• 74 Metascore
    • 83 Jude Dry
    In Beans, Deer has transformed the most painful experience of her life into a vital human story, while holding an unflinching mirror up to the racism and discrimination indigenous communities still face to this day.
    • tbd Metascore
    • 58 Jude Dry
    Fans will praise this film as yet another brave sacrifice at the altar of artistic vulnerability — because that’s what “A Man Named Scott” wants you to believe. But the authorized film lacks the artistic vision of Cudi’s musical talents, despite its best efforts.
    • 37 Metascore
    • 67 Jude Dry
    The result is a breezy but chilling romp through a haunted rural farmhouse, seen through extremely high-resolution handheld camera work. Like most studio horror movies these days, it looks a lot better than it should, and slaps a bit less.
    • tbd Metascore
    • 91 Jude Dry
    Cheeky and inventive in equal measure, with brilliant performances all around, a whipsmart script and sharp pacing make The Trip one of the most fun watches of the year.
    • 42 Metascore
    • 33 Jude Dry
    Though the movie is clearly enamored with its own creativity, it’s not fun for anyone else. The title alone has already inspired titters online, and the movie is just as clunky and overwrought.
    • 76 Metascore
    • 75 Jude Dry
    In Son of Monarchs, Gambis has mapped the butterflies’ migratory paths and genetic patterns onto Mendel’s search for belonging. It’s an inspired blend of science and narrative, and an affecting allegory emerges from the unique imagery.
    • 42 Metascore
    • 42 Jude Dry
    The only bright spot about the odd timing of South of Heaven is that it’s so obviously a relic of pre-pandemic Hollywood, one that hopefully will stop making lifeless thrillers full of hackneyed dialogue and formulaic action.
    • 72 Metascore
    • 67 Jude Dry
    Transmitting a massive download of ideas into one film, there’s no doubt that Williams and Uzeyman have creativity to spare, and they deserve all the support they can get to share it with the world. When you’re this close to the divine, the medium is a pretty-enough message.
    • tbd Metascore
    • 75 Jude Dry
    A kaleidoscopic fantasy warped through the lens of a 1970s sci-fi Western, After Blue is a synthetic siren song for the freaks of the future and the past.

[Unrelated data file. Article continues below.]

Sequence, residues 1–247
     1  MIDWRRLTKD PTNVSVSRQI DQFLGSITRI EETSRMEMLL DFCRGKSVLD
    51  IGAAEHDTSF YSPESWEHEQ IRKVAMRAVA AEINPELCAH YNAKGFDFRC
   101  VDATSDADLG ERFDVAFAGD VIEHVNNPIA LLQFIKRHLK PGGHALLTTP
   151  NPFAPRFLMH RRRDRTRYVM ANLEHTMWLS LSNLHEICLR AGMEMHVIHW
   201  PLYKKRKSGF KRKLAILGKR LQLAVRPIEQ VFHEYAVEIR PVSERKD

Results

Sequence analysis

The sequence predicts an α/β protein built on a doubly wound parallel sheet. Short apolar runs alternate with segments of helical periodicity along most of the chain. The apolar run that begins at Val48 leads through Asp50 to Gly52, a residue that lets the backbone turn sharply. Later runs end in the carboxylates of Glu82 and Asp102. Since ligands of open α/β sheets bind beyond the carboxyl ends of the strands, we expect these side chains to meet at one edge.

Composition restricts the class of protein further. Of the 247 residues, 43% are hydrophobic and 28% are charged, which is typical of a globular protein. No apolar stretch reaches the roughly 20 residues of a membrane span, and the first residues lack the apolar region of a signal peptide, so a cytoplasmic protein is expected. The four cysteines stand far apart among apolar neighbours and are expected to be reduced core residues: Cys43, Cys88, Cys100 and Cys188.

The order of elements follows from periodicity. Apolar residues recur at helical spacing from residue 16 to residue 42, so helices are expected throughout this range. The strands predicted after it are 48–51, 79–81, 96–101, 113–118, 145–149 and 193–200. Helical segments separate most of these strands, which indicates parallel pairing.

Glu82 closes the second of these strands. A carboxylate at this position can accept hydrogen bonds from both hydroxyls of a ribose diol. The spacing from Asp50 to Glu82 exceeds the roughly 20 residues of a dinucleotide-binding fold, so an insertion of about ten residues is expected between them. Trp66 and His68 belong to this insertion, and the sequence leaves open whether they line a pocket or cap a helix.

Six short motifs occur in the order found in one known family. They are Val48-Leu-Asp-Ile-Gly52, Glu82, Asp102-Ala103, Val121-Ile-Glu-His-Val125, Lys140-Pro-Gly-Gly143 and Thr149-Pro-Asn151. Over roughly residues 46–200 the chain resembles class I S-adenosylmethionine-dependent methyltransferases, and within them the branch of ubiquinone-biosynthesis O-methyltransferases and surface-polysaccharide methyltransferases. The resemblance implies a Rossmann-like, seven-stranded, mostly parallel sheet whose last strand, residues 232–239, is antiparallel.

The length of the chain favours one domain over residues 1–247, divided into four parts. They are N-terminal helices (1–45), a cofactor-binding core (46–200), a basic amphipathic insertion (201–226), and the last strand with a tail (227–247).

• 80 Metascore
    • 83 Jude Dry
    Shot primarily at her eye level, Little Girl takes you straight to the heart of the trans child’s experience, seeing through her eyes the dogged support of her indefatigable mother and loving family.
    • 73 Metascore
    • 75 Jude Dry
    My Name Is Pauli Murray balances Murray’s varied interests and causes with a deft hand, acknowledging their contributions to the women’s movement while not minimizing their trans-ness, as many scholars had done until Rosenberg’s book.
    • 62 Metascore
    • 58 Jude Dry
    With its “Glee”-colored dance numbers and drag-lite drag scenes, Everybody’s Talking About Jamie just isn’t serving.
    • 45 Metascore
    • 83 Jude Dry
    Equal parts confounding, challenging, and insanely fun, “Dashcam” is horror at its most inventive.
    • 78 Metascore
    • 91 Jude Dry
    Barnard once again proves herself the bard of the British working class. In Ali & Ava, she abandons her occasionally bleak realism for a kind of stubborn hopefulness, letting the delight of unexpected connection break through the storm clouds.
    • 51 Metascore
    • 42 Jude Dry
    A humorless melodrama about a woman haunted by her past, Malignant sits somewhere between a slasher, a ghost story, and a possession flick, never fully embracing either. The result is a confusing melange of genre archetypes that lacks a clear point of view, even a surface-level stylistic one.